Fionnuala is Screen International‘s chief film critic and reviews editor. She has more than 20 years’ experience as a film writer and critic.

Finn Halligan

More Screen critics’ top films of 2015

Top Five

  1. 45 Years
    Andrew Haigh
    The performances, the story, the visualisation: they made it look easy, but 45 Years is a delicate chamber piece told with impressive skill. Haigh didn’t have to dig into the flashy cinematic toybox to tell us just how precarious — hollow, even — are the foundations on which we build our everyday lives. Charlotte Rampling delivers one of cinema’s great performances, ably supported by Tom Courtenay. In his own quiet, intimate way, Haigh has become one of the UK’s most exciting directorial prospects, transitioning easily from Weekend to a larger, yet still intimate canvas.

    CONTACT The Match Factory

  2. Son Of Saul
    Laszlo Nemes
    Films Distribution

  3. Taxi Tehran
    Jafar Panahi
    CONTACT Celluloid Dreams

  4. Tangerine
    Dir Sean Baker
    CONTACT Submarine

  5. The Big Short
    Dir Adam McKay

Best Documentary

A Nazi Legacy - What Our Fathers Did

My Nazi Legacy
David Evans

A fantastic year for documentaries. My Nazi Legacy is first among equals (Amy, Behemoth, Palio, Cartel Land) because the story itself is so exceptional. Visually, this is a no-frills affair but, as two sons of murdering Nazis tell their stories, we drill down into the core of what responsibility we should assume for the deeds of our parents and how blind we can be to our own past.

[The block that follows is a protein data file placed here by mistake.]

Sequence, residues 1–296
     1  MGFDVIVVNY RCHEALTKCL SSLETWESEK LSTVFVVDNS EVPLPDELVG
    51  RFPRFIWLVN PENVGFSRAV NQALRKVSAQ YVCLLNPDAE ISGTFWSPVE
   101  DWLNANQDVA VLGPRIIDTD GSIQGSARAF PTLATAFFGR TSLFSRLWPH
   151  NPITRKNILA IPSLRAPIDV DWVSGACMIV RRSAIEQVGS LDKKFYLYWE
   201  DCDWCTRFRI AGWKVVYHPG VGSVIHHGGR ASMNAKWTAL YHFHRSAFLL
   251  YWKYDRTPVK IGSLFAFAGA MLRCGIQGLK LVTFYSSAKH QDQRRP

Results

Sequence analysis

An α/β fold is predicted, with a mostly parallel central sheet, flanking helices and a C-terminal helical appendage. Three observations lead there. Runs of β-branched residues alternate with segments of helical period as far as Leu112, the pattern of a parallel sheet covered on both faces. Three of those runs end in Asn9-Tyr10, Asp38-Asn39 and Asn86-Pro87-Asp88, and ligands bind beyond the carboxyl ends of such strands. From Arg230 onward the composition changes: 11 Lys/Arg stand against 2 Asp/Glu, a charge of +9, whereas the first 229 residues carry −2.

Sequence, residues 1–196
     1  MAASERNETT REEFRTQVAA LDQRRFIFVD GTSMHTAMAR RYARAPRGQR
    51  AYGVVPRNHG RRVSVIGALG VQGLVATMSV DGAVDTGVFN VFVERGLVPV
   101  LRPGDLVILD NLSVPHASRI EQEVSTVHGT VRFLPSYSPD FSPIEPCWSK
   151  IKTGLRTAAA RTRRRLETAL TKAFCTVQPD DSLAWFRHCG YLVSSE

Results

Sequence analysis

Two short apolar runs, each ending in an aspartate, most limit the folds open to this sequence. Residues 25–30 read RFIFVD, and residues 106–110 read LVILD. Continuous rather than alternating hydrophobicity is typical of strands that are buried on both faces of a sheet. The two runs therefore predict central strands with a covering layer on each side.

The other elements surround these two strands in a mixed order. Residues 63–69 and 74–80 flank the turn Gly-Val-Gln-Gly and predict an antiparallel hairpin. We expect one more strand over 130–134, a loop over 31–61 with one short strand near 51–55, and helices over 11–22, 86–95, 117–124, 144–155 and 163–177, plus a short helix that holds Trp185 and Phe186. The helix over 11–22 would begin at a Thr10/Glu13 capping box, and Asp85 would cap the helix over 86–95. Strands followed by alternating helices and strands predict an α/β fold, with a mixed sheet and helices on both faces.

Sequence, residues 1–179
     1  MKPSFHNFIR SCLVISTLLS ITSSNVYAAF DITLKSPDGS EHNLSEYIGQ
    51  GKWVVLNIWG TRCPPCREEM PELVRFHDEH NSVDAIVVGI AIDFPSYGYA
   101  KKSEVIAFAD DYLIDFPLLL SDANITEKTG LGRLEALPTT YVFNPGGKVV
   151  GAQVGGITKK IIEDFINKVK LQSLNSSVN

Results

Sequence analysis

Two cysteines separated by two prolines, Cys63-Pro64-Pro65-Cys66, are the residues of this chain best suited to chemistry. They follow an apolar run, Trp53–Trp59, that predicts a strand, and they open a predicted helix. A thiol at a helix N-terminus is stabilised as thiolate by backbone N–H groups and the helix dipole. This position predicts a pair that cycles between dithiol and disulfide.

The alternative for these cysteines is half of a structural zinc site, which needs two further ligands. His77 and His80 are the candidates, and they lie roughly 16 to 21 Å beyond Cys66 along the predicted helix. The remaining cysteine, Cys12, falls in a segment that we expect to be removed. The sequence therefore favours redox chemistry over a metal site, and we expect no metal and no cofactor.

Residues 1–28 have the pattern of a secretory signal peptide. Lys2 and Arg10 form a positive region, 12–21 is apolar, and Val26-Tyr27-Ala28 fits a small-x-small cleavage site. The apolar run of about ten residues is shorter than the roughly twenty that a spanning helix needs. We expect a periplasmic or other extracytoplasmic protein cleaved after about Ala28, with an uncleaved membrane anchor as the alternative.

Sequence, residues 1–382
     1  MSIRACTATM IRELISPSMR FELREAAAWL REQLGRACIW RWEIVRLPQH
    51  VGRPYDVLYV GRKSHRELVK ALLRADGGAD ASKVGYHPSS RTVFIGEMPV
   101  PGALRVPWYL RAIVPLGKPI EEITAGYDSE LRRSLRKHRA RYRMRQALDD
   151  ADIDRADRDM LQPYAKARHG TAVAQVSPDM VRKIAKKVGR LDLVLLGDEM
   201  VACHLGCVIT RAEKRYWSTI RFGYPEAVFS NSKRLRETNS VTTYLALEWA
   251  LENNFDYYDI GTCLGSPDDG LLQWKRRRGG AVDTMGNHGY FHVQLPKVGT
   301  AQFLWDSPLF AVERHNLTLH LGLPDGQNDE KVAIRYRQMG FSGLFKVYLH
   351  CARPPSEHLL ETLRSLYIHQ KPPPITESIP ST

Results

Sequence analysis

CONTACT The Film Sales Company

Best UK Film

Sunset Song
Terence Davies

An epic, big-screen seducer from Lewis Grassic Gibbon’s cherished novel. Davies paints a large but incredibly detailed canvas, andSunset Song is classic, romantic storytelling with the tell-tale signature of a master film-maker. Each scene is pure perfection; Agyness Deyn holds the screen.

CONTACT Fortissimo Films

Undiscovered Gem


Dir Tom Browne

This tiny, special UK drama — shot for $200,000 — about an elderly couple who live in a prison of their own clutter, and their relationship with their middle-aged son, was made in the director’s own home. Radiator bounces off the walls of guilt and duty, caught up in the mysteries of the past.

CONTACT Starline Entertainment